Expertise for the Hydrogen Age

Balancing the energy system

Hydrogen helps to balance out fluctuations in the generation of renewable power.
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Hydrogen helps to balance out fluctuations in the generation of renewable power.

In the course of the transition to a sustainable energy economy, Germany’s coal-fired and nuclear power plants will be removed from the grid. Instead, renewable sources of energy such as wind and solar will be expected to take up the slack. The problem is that the power generated from wind and solar energy fluctuates significantly. At present, base-load power facilities such as coal-fired plants are operated in order to cover peaks in demand. Furthermore, wind parks are often located far away from consumers. Therefore, it is necessary either to transmit this power to centers of consumption via cable or to store it and then feed it into the energy system as required. Hydrogen technology is one way of doing this. Here, electricity generated from renewable sources is used to power a process of electrolysis, which splits water electrochemically into hydrogen and oxygen – a form in which this energy becomes storeable and transportable. The hydrogen produced in this way can then be converted back into electricity. This green hydrogen serves to increase the security of supply and grid resilience.

Ways of storing and using hydrogen

The hydrogen produced in this way can be used directly. For example, it can be converted into electricity by means of a fuel cell, or it can be used as a raw material in the chemical industry. The first question here is how this hydrogen is to be made available for such uses. Conventionally, hydrogen is stored at a low temperature (-253°C) or a high pressure of several hundred bars. In HYPOS (Hydrogen Power and Solutions East Germany), a BMBF initiative, a consortium of 110 members from industry and science are investigating issues related to the storage and transport of hydrogen. Fraunhofer IMWS is exploring the feasibility of storing hydrogen in a salt cavern. A transport pipeline made of metal and plastic has been constructed for this purpose.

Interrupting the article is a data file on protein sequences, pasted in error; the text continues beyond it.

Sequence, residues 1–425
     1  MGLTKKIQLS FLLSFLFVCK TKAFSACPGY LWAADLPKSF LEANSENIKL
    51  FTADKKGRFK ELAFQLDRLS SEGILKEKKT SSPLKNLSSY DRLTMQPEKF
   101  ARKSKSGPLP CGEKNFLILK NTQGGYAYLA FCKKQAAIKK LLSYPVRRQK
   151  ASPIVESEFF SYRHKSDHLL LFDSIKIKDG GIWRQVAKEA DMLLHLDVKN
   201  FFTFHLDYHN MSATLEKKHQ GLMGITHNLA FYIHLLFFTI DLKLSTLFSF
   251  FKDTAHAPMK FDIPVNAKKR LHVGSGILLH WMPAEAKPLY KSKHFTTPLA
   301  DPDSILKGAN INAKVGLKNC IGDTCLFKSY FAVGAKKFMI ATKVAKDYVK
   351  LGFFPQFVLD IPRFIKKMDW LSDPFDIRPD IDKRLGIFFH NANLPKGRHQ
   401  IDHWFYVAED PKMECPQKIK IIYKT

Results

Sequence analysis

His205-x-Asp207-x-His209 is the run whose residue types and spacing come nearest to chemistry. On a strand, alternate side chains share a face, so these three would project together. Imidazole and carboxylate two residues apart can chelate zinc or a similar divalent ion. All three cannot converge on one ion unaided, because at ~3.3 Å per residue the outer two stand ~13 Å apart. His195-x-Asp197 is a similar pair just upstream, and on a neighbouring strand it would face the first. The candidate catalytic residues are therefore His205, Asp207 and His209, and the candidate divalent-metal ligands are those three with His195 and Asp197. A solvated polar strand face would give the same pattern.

So-called power-to-x (P2X) processes offer an alternative to a direct use of hydrogen. In this instance, hydrogen is converted into various raw materials. In a power-to-liquid process, for example, hydrogen produced with renewable energy is combined with CO2 from nonfossil-based sources to form an energy carrier such as methanol. In the BMBF-funded consortium Carbon2Chem®, which is coordinated by Fraunhofer UMSICHT, a team of researchers from Fraunhofer UMSICHT and Fraunhofer ISE are working on processes to synthesize methanol from waste gases produced in the steel industry. Might it be possible to couple the power sector with sectors of industry by means of liquid energy carriers? And what will be the impact on the German energy system when fossil-based energy carriers are replaced by renewable fuels and chemicals – and when, as a result, the energy sector becomes increasingly defossilized?

Signposts toward a hydrogen economy

What would the transformation to a largely greenhouse gas-neutral energy system in Germany mean in concrete terms? In a project commissioned by the Federal Ministry for Economic Affairs and Energy (BMWi), experts from Fraunhofer ISI have been modeling scenarios for a cost-effective and secure energy system. This will yield important guidance for discussions on the future direction of the transition to a sustainable energy economy. On behalf of grid operators, they also used the FORECAST model to investigate demand in the European energy system.

It is also the case that companies, developers and investors require precise information before they invest in hydrogen technology. Energy-system modeling conducted by Fraunhofer ISE can provide robust information here. This ranges from hydrogen-generation costs, process efficiency and hydrogen yields to feasibility studies and earnings assessments.

The success of innovative energy technology depends, among other things, on the backing it receives within government, business and society. Fraunhofer ISI is investigating the public acceptance of hydrogen technology in the EU project HYACINTH. In H2-Chancendialog, a project at the Center for Responsible Research and Innovation, Fraunhofer IAO is seeking to identify innovation based on public input, with the aim of developing new hydrogen-based solutions in collaboration with a variety of stakeholders.